Tuesday, June 19, 2012
Tuesday, June 5, 2012
i was at a focus group for trans* feminine folk. Well, it was actually a group of trans women, but i was there and am not a woman so I amended the name in my head. i went for a reason: i wanted the health center to become more inclusive and to provide better service — this is probably unsurprising, but i had some thoughts on how to do that.
During the group i talked about how it would be useful for medical practitioners to not assume that everyone has the same narrative. This seems basic to me, but surprises all the women in the room. They’d all strongly identified as women and seemed very invested in being read as such, whereas i’m not and am invested in being read as trans*. In that space, i claimed the identity of being a faggot with tits.
It was out in the open that i was different than these women. i’d made them aware, and explicityly challenged their assumptions. So, i was surprised at what happened next.
As the meeting was winding down, one of the women smiled at me, looked me up and down and said, “you look good, you’re really passable.” i felt like i’d been smacked in the face. i sighed, but recognizing that this was intended to be a compliment, i searched for a smile and thanked her.
i left, my brain clouded by shock, gasping for sense. i’d told these folks that i didn’t identify as a woman, that i tried really hard to be visible as trans*. Had she not heard any of that? Was she incapable of perceiving my genderqueer presentation?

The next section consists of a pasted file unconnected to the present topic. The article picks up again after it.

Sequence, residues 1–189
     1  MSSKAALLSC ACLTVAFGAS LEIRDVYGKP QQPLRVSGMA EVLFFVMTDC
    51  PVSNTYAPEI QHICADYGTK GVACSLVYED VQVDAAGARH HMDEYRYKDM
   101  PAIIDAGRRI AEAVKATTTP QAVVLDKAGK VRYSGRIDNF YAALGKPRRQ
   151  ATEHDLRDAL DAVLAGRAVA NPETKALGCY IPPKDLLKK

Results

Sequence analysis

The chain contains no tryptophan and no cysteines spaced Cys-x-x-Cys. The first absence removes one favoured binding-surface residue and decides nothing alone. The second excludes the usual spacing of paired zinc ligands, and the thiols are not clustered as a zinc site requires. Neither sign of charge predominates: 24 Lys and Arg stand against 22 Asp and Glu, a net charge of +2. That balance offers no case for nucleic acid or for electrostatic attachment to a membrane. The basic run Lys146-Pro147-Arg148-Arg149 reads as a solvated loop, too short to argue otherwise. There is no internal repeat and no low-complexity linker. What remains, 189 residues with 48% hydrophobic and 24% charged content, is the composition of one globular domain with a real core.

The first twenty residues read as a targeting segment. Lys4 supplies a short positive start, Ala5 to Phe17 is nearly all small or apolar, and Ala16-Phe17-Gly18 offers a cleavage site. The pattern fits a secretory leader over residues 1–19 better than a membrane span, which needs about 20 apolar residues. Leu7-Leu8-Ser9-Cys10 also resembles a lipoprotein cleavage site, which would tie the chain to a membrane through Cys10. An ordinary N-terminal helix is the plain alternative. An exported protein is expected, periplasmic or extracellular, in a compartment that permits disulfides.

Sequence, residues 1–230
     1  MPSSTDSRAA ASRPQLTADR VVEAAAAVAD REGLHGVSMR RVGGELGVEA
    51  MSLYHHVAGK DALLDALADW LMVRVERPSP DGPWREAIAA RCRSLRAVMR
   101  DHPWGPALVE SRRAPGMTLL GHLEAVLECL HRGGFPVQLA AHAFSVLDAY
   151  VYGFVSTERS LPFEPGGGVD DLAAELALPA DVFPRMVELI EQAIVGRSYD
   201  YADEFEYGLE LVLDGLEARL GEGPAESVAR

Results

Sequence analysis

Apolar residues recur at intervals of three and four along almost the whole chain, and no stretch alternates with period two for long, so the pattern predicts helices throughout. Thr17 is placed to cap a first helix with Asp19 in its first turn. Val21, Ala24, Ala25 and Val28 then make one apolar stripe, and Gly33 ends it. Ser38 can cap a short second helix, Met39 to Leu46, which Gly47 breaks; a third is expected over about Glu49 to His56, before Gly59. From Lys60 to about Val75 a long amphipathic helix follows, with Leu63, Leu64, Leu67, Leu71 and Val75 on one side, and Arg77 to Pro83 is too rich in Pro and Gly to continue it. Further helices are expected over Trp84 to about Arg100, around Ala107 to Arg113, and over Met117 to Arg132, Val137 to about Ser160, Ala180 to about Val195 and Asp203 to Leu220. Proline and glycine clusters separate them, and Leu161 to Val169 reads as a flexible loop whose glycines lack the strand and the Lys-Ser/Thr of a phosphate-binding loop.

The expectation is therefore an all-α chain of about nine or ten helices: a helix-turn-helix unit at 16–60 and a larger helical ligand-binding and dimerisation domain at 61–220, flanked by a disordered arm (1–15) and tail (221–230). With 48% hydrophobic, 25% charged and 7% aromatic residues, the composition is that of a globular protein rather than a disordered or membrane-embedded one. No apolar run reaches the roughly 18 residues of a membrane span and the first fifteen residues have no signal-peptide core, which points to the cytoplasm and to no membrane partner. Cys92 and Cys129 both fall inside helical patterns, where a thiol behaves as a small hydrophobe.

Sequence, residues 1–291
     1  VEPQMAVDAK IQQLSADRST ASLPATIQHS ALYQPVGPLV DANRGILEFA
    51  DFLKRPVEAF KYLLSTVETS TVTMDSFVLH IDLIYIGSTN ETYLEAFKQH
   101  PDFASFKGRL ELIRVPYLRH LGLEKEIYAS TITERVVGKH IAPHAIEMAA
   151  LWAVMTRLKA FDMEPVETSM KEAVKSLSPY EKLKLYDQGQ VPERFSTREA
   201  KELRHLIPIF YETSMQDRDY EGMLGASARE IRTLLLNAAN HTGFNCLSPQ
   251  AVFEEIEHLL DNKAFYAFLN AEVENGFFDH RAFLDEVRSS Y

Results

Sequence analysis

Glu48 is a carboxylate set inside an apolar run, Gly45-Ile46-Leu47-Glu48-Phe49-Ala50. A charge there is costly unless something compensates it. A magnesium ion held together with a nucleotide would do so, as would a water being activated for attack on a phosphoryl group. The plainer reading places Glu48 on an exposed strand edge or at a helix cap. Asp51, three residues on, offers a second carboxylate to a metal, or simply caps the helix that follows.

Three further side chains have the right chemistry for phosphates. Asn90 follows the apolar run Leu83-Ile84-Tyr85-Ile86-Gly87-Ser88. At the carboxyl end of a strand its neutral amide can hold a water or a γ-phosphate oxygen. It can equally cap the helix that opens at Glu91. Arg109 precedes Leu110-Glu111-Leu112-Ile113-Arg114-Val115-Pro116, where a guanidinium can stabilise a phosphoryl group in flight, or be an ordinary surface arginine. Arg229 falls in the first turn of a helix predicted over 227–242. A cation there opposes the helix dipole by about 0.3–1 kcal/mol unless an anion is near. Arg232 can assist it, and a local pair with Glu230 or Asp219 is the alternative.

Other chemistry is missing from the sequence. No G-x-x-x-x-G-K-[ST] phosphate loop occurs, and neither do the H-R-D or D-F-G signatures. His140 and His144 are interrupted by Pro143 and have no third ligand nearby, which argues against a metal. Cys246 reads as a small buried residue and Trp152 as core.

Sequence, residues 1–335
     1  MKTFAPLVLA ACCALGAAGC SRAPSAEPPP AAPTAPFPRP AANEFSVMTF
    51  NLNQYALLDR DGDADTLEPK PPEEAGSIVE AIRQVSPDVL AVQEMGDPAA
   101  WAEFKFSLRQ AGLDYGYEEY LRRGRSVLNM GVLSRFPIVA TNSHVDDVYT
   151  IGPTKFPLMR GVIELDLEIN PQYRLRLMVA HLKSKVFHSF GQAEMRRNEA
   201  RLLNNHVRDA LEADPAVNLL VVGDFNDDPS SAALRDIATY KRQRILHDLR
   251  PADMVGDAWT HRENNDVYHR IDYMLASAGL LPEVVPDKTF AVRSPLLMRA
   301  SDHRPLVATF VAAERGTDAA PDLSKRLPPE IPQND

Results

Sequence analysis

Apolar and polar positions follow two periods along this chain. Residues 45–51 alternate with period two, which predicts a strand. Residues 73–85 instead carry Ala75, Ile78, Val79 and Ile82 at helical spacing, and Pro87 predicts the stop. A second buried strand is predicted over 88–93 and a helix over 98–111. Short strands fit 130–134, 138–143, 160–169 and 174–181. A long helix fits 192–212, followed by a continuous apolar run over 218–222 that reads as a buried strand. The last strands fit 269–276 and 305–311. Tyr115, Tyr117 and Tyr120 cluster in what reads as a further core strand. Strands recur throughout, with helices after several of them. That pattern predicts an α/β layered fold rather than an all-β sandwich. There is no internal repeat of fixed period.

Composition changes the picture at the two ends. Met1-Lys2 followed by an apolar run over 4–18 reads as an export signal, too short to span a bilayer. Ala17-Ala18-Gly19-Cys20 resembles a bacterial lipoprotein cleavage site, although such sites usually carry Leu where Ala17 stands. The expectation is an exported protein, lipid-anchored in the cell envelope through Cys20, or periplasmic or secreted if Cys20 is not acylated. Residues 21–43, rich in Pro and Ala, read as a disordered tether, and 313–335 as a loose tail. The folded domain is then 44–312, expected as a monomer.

i was deeply hurt and fairly confused. My identity was dismissed completely. After sitting in a room with these folks for three hours, she still assumed my experience to be identical to hers. Even after telling her i’d lowered my hormone levels to maintain a more androgynous body, she somehow thought it would be an honor, not an insult, to tell me i was passable.
It felt as if i was being lauded for hiding my transness. After the long difficult road that brought me to my current state of trans* empowerment and intentional visibility, i was aghast to find out that i might be passable. What’s more, it felt transphobic, even though it came from a trans* person. If a cis person had said something similar, they’d be devaluing my transness by extoling my beauty based on cis standards, the only difference that this seemed to come from a place of internalized cisnormativity.
The second this thought struck my brain however, i remembered my own sites of internalization. Although i work incredibly hard to recognize those sites and don’t impose them as standards on others, i can acknowledge that this tendency comes from a real place. Our society sets up norms of how people should identify and what those identities should look like. It then links those norms to a social hierarchy based on who fits and who doesn’t.
So, I’ve realized that if i seem to pass to someone, they probably view it as a privilege. They may superimpose their own struggle to pass and congratulate me for seeming to achieve their goal. The truth of the matter, that i often don’t pass (which is sometimes a really great thing and sometimes quite scary), is irrelevant to this scenario. She saw something in me that seemed desirable to her and complimented that.
i was left with several questions and very few answers as of yet. How do i receive compliments that feel like insults with grace, especially when they come from my community How do i simultaneously push back on the idea that because i’m trans* and male assigned at birth, i must be a woman? How do i also work to push the boundaries of what it means to be a woman? How do i do those things while respecting the reality that many trans* women don’t want to challenge those ideas and their identities are valid. How do i balance my gender, my activism, and my respect for others? When those conflict, is it possible to honor each concern? When it isn’t possible, what should take precedent? i don’t have answers yet, but I’m incredibly excited about this set of questions.